Sanitizing agents: While keeping COVID away, are they paving way for AMR?

Co-Written by Dr. Parul Malik, Prabhu Dutta Shaw and Dr. Arathi P Rao

hand sanitizer

Sanitizing agents or biocides play an essential role in cleaning and disinfecting and are widely used for environmental and personal disinfection in both- the healthcare and the non-healthcare settings. They are also extensively used to disinfect the areas associated with food production and livestock, such as equipment, transport vehicles, farm buildings, etc. This usage extends to them being used  directly on animals, for instance, during footbaths or udder cleansing. Therefore, it would not be an exaggeration to say that such sanitizing agents or biocides are a critical component of the food production chain. Since the last few decades, people are using alcohol-based sanitizers as disinfectants for better hand hygiene to control pathogenic diseases worldwide.

The advent of the COVID-19 pandemic, lead to a significant surge in demand for alcohol-based hand sanitizers, antimicrobial soaps, and also of products, less known before in the markets, like ‘vegetable sanitizers’ etc. This has happened because of the promotion of maintaining and developing best hygiene practices to tackle the pandemic. While protecting against the coronavirus on one hand, these agents are silently contributing to hastening the development of antimicrobial resistance (AMR). This could put a greater strain on our already over burdened healthcare systems and the menace caused by this could even stay long after the pandemic may get over.

Antimicrobials are important to fight against infections and infectious agents, but some organisms may change or mutate on exposure to an antimicrobial agent, and be able to withstand the medicines targeted at them. The excessive and uncontrolled usage of antimicrobials could increase the number of the resistant strains and otherwise easily treatable infections, may become life-threatening. Theoretically, AMR is less likely to occur because of exposure to biocides due to distinct modes of actions and applications. Yet, let us suppose that there is any potential occurrence of biocidal agent usage to co-select for antimicrobial resistance. In that case, it could be either through cross-resistance (which occurs if two chemicals have a shared mechanism of action), or due to coresistance (when the genes that confer reduced susceptibility to a biocidal agent get selected along with antimicrobial-resistant genes). Therefore, there is a possibility that a low level of exposure to biocidal agents over a long period of time can lead to selection for drug-resistant strains and increase the risk of cross-resistance to antibiotics, especially for those that treat gram-negative bacteria.

In isolation, this over use of sanitizing agents may not have been a problem of sorts. But, the rapidly emerging resistant bacteria reflecting the worldwide overuse of antibiotics and other antimicrobials, have been threatening  healthcare since a long time.  It has become a global crisis with antibiotic-resistant infections significantly increasing the health and economic burden on the healthcare systems. Excessive use of alcohol-based sanitizer over an extended period increases skin permeability and deprives oil and water of skin and causes roughness and irritation of the skin. Dry and damaged skin is a breeding ground for pathogens with an enhanced risk for the virus to enter into the skin. Earlier research reports have suggested that overuse of sanitizers may enhance the risk of viral outbreaks in some cases. Frequent exposure of antibiotics, disinfectant, or other genotoxic chemicals to pathogens may make them get mutated through a natural process, making them resistant and helping them survive from frequent hand sanitization. Thus, the antimicrobial resistance developed due to the overuse of alcohol-based sanitizers can increase the burden on the healthcare professionals who are already struggling.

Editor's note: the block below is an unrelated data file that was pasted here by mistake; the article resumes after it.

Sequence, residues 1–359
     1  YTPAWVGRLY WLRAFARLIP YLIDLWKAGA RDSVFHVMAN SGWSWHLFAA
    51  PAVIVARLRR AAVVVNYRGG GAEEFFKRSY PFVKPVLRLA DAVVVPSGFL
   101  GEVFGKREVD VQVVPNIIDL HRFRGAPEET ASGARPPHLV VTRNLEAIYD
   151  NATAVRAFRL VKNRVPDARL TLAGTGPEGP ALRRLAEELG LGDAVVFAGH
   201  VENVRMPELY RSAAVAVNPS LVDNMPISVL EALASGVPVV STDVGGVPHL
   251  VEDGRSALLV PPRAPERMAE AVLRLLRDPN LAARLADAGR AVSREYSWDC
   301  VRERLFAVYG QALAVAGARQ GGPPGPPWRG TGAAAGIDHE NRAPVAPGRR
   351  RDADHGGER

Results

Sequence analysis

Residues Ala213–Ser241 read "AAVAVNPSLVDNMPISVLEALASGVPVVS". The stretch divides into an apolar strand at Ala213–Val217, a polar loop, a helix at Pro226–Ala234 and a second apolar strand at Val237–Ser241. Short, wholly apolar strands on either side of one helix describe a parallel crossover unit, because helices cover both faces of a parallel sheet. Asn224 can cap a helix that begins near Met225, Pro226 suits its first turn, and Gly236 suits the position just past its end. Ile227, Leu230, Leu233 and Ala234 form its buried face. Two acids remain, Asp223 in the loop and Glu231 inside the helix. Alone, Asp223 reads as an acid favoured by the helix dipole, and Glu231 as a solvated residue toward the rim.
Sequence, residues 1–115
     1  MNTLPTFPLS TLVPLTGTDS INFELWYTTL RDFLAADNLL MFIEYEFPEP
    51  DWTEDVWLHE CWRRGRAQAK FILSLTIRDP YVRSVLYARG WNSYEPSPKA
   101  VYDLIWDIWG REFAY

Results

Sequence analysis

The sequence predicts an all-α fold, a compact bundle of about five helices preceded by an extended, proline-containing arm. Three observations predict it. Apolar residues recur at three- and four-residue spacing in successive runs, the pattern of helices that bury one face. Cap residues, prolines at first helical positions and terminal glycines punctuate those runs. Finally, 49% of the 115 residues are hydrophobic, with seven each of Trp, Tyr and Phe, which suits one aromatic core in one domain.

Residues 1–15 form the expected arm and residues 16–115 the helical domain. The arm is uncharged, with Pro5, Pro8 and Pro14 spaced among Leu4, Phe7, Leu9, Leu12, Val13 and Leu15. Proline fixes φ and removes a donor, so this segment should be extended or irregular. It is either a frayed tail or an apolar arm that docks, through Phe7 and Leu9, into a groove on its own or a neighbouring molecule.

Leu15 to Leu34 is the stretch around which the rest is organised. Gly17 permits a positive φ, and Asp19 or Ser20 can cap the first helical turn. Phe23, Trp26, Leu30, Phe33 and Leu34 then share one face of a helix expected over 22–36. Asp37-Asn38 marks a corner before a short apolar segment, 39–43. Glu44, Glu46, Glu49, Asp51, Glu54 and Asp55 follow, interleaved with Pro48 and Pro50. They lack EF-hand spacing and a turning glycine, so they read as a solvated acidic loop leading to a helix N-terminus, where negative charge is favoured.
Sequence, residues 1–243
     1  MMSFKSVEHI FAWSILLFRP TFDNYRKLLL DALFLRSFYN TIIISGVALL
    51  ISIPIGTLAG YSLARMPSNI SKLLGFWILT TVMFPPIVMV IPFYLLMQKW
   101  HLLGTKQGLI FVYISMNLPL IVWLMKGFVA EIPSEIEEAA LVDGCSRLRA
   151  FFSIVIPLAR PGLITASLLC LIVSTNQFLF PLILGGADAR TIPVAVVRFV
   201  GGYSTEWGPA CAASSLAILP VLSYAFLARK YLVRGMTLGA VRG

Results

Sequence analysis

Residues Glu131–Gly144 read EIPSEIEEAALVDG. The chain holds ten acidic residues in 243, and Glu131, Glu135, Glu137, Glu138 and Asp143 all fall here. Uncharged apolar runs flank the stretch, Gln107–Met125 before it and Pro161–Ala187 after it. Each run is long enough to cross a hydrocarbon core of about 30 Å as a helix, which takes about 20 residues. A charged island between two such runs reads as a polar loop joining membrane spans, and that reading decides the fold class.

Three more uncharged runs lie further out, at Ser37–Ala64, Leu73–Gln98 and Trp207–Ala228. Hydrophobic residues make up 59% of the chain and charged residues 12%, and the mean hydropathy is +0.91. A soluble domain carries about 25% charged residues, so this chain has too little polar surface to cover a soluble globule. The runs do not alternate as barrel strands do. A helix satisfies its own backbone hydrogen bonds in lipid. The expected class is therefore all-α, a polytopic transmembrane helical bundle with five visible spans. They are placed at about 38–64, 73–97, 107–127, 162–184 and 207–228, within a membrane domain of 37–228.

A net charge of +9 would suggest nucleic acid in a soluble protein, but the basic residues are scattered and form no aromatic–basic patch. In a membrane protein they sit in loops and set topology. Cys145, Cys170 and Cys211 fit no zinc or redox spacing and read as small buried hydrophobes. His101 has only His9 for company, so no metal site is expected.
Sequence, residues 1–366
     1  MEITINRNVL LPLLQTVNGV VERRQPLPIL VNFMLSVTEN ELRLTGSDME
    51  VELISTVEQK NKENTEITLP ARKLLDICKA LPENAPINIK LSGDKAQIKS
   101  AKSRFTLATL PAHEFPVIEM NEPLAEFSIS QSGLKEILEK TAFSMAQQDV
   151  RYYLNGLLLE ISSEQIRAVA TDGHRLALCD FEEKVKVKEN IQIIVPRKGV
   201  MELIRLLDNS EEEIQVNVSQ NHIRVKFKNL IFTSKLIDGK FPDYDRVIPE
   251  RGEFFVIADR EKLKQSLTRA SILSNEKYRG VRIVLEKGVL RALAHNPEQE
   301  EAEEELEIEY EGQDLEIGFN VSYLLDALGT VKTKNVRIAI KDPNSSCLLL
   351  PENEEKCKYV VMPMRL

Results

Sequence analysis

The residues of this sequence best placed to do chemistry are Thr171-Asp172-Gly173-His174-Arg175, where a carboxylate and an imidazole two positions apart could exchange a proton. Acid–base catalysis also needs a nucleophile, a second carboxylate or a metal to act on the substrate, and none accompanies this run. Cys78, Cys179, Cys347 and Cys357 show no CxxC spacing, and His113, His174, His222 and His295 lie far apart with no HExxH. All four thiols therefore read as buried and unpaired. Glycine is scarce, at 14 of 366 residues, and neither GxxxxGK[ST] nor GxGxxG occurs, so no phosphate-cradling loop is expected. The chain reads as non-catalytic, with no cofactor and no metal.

AMR has been a cause of concern way before the COVID-19 struck. While, in the present scenario, the use of ‘sanitizers’ seems to be  inevitable, methods or solutions need to be devised to tackle the anticipated peril of AMR. Biocidal or sanitizing agents manufacturers should consider evaluating the potential of any novel biocidal products that can lead to co-selection of resistance genes to clinically relevant antibiotics. Any novel biocidal active substances must be authorized by taking a risk-based scientific approach regarding the substance’s potential to prevent antimicrobial resistance. When using biocides or sanitizing agents, maximum caution must be exercised for personal and environmental disinfection. The biocidal agents without or with a low selection pressure for antibiotic resistance should be prioritized. Research needs to be carried out to determine the short- and long-term effect of the wide use of sanitizing agents for personal and environmental disinfection, including cross-resistance to antimicrobials; and to develop potential substitutions for sustainable personal and ecological disinfection.

Dr. Parul Malik is a medical doctor with a Master of Public Health (Global Health) degree from Prasanna School of Public Health, Manipal Academy of Higher Education (MAHE), Manipal, India.

Prabhu Dutta Shaw has a bachelor’s degree in Cardiac Technology from CMC, Vellore, following which he completed his MBA in Hospital and Healthcare Management from Amity University Online. He is currently a postgraduate student, pursuing Master of Public Health (Epidemiology) at Prasanna School of Public Health, Manipal Academy of Higher Education (MAHE), Manipal, India.

Dr. Arathi P Rao is the Coordinator of MPH Programme and the Head of Manipal Health Literacy Unit at the Prasanna School of Public Health, Manipal Academy of Higher Education (MAHE), Manipal, India.



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